November 15: Layer 4 (Affect and Game Design): Continue working on your trail by introducing a gameplay/puzzle component that has an affective charge. Create a mini-game or puzzle within determined emotional and affective parameters. Design a game that causes the player(s) to experience anger, fear, regret, joy, melancholy, or laughter. Incorporate this affective puzzle into your trail. Have other groups play-test these designs.

+ Final Collaborative Project (Including Abstract, Presentation, and Collaboration Reflection)

Final Group Project
Collaboration is an increasingly vital skill in a cultural landscape dominated by digital technologies. While novels and poems are often written by individual authors, many contemporary artistic forms, such as transmedia games and ARGs, depend on partnerships among writers, artists, programmers, and designers.

For the final project, you will work in a small group to create a “trail” that might serve as a “layer” or “level” of a single transmedia game. A shared document, introduced early in the term, will provide creative constraints for this process. For your final assignment, you will turn in a creative Game Design Document (GDD) that includes an introduction to your trail and a media-rich mock up of it. This GDD could, for instance, take the form of an annotated video or website walkthrough. You may also consider creating part of your trail.

As you approach this assignment, be careful not to treat it as a total departure from our class discussions or your midterm analytic paper. Instead, I’d like you to engage in a process of what Walter Holland, Henry Jenkins, and Kurt Squire have called “theory by design.” In other words, instead of working through ideas in an expository fashion, you will do so through creative development.

Final Paper/Project Abstract (Approximately 1 page)
As a group, write a brief abstract for your final project that is due approximately a month (November 8) before the project deadline. In this abstract, introduce your projected “trail” and comment upon the type of research, design, and technical knowledge that will be necessary to complete your work in the final month of the quarter. Moreover, how do you foresee the division of labor within your group? You can adjust this as you continue, but it’s useful to have a starting point, well in advance of the deadline.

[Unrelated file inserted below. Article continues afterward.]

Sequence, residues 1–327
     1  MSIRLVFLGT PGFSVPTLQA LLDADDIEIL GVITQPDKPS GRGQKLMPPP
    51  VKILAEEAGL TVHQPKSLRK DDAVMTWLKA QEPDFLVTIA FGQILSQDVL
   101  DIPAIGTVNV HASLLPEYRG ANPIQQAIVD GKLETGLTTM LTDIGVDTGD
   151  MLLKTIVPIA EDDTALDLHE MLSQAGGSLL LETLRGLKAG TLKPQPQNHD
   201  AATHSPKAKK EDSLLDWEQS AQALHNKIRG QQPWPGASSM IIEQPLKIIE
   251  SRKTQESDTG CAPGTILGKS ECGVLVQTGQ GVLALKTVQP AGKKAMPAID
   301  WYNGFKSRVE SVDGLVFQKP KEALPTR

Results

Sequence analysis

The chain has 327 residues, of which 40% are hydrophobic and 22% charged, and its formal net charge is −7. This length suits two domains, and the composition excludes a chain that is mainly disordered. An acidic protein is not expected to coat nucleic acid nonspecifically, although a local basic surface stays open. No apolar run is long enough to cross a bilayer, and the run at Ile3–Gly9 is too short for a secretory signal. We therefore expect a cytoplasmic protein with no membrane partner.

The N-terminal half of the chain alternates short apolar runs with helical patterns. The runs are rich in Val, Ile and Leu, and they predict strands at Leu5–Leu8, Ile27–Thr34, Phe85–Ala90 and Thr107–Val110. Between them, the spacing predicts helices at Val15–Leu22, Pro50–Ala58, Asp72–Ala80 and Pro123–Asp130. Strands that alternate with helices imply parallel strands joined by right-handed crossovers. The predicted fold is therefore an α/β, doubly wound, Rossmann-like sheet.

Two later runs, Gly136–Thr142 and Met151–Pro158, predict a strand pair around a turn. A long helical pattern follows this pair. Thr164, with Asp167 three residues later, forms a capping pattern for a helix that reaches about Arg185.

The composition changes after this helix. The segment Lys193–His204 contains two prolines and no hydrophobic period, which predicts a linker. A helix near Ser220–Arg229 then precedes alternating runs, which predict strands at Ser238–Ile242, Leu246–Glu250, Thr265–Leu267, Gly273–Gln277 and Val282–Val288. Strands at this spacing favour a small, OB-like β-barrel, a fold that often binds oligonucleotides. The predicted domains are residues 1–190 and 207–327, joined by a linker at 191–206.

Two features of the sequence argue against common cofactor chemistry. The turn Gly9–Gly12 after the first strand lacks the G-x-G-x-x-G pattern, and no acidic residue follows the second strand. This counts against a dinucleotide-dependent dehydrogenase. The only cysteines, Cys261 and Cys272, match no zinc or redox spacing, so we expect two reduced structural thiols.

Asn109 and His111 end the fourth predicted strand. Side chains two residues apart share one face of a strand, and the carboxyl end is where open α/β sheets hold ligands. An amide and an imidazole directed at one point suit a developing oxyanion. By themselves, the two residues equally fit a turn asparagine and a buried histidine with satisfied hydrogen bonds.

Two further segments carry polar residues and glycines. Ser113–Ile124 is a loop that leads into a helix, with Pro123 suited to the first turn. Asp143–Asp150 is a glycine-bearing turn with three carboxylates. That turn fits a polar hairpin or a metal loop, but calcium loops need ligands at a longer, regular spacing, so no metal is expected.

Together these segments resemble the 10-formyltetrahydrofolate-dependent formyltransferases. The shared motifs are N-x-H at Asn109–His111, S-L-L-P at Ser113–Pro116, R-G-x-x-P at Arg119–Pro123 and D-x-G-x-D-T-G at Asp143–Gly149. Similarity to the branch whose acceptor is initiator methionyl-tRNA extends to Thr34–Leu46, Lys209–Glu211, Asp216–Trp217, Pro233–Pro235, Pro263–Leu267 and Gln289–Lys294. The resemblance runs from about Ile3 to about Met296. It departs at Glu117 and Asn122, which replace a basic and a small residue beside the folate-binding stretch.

Final Project In-class Presentation and Art Critique
About a week before the final project is due, we’ll engage in a presentation and critique session. Each group will present its project to a panel of evaluators. This assignment will force you to present the features of your project in a clear and persuasive manner. Visual aids (from powerpoints to images to videos to assets from the completed project) will certainly strengthen your presentation. Your project does not need to be completed, at this stage, but a mockup or selections from the final piece may help. This exercise will also be an opportunity for you to receive feedback before the project is due.

Individual Reflection (2-3 pages)
Along with your actual group project, I’d like each of you to turn in a brief (2-3 page) individual reflection about your project that does two things. First, offer an artist’s statement on the formal significance of your project. This is your chance to reflect on the theoretical dimensions of your transmedia game trail. Second, comment on the collaborative experience. Collaboration is a difficult process but it can produce astonishing results. In writing this response, consider the following questions: What was it like working with peers from other disciplines? What were the benefits and challenges of collaborating on this kind of design project? What did you contribute to the group?


One comment

  1. […] digital stories of their own. Another experimental course that fell into this category was “Transmedia Games: Theory and Design.” I co-taught this course with visiting professor Sha Xin Wei. The group read critical theory […]